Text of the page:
It is regrettable that we, as a nation, are about to embark on an unwelcome social experiment. The Conservative government has been very clear that they intend to finally abolish the gun registry. This is regrettable in so far as it is clear to Canada’s emergency physicians that the gun registry has, in fact, worked and the number of deaths from inappropriate firearms use has dropped dramatically since the institution of the Firearms Act. The government has consistently portrayed this act as a victimization of rural long gun owners, conveniently ignoring the clear scientific evidence that rural suicides with long guns are the principal issue in the tragic toll of Canadian firearms deaths. So we will now all be unwilling participants in a social experiment that will undoubtedly place Canadian lives at risk. Our question to our government is that relative to the perceived inconvenience and cost of registration, what will be the true cost, in direct human suffering, of their ideologically driven and scientifically bankrupt legislation.
Some inconvenient statistics, nicely compiled by the CBC:
Homicide by firearm
Firearm homicides, 2009: 179 (0.53 per 100 000 or about 30% of all homicides)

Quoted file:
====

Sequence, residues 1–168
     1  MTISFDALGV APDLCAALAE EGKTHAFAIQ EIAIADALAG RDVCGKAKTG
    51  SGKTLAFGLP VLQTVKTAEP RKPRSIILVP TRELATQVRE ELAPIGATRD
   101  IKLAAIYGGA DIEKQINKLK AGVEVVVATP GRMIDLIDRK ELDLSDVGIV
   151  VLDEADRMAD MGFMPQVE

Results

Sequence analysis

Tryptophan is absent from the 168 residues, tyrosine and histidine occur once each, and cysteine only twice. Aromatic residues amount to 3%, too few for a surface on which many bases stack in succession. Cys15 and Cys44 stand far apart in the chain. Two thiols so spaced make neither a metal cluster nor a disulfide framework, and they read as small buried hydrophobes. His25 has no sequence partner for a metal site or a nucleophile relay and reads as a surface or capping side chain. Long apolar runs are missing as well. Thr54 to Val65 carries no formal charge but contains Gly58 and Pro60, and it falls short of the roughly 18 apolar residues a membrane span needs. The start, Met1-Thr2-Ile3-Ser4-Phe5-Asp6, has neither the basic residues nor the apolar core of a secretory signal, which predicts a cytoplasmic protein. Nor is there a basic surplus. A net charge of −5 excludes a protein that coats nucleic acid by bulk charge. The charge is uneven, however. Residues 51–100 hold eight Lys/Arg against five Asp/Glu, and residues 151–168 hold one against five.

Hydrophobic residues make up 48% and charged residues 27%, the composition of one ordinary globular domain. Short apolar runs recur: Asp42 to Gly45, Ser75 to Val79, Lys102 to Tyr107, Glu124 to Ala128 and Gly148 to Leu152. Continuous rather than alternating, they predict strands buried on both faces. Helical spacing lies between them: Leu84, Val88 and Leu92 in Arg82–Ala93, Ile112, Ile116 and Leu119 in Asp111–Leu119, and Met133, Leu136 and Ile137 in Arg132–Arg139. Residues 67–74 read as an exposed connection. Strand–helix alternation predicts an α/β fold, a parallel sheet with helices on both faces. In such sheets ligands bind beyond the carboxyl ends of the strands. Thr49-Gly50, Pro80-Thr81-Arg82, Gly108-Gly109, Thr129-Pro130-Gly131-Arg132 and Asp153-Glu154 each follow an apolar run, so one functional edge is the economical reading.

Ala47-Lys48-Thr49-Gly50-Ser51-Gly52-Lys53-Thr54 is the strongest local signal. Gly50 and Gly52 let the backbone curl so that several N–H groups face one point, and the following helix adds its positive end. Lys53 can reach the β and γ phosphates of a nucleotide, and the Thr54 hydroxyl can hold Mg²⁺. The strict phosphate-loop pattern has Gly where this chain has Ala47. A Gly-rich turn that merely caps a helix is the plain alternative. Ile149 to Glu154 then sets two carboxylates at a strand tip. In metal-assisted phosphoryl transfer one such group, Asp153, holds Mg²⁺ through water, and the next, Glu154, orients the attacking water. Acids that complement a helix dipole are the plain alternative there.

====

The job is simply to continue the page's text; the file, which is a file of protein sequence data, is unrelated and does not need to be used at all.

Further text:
Firearm homicides, 1991 (the year stricter gun control was introduced):271 (0.97 per 100 000 people)
Types of firearms homicides, 2009:
Rifles or shotguns: 18% (36% in 1999)
Prohibited firearms: 13%
Since 1995, when the gun registry became law, until 2009, the reduction in homicides by long guns: 52%
Spousal homicides caused by shootings, 2000-2009: 167 (23%)
Reduction in the rate for spousal homicides involving firearms from 1980 to 2009: -74% from nearly 3 per million spouses in 1980 to less than 1 per million spouses in 2009, according to Statistics Canada
Share of firearm-related spousal homicides involving a long gun: 50%(The rate of long-gun spousal suicides dropped about 80% between 1983 and 2009.)
Share of family-related homicides of children and youth (7 to 17 years), by shooting, 2000-2009: 26%
Of the last 18 police officers killed in the line of duty, as of August 2010, number killed by long guns: 14 (78%)
Suicide by firearm
Number of firearm-related suicides involving a long-gun, 2004: 475 ( 5.4 times the number of suicides with handguns)
Change in number of firearm-related suicides since the introduction of stricter gun laws in 1991 (as of 2009): -43%
Change in number of firearm-related suicides since the introduction of the Firearms Act in 1995 (as of 2009): -23%
Increased likelihood that a home where there are firearms is the scene of a suicide, than a home without a gun: 4.8 times (based on a 1992 U.S. study in the New England Journal of Medicine)
Incidentally, for you fiscal conservative types, the cost of treating a gunshot victim is about $450,000.
So, on one side of the debate, we have scientific and statistical evidence on the efficacy of the gun registry, expert opinion from health care professionals and the police, the physical and emotional cost of trauma, hundreds of deaths prevented and, on the other side, the hurt feelings of rifle owners. That’s pretty well what it boils down to, right?
[Update 29/10/11: Fixed formatting problems.]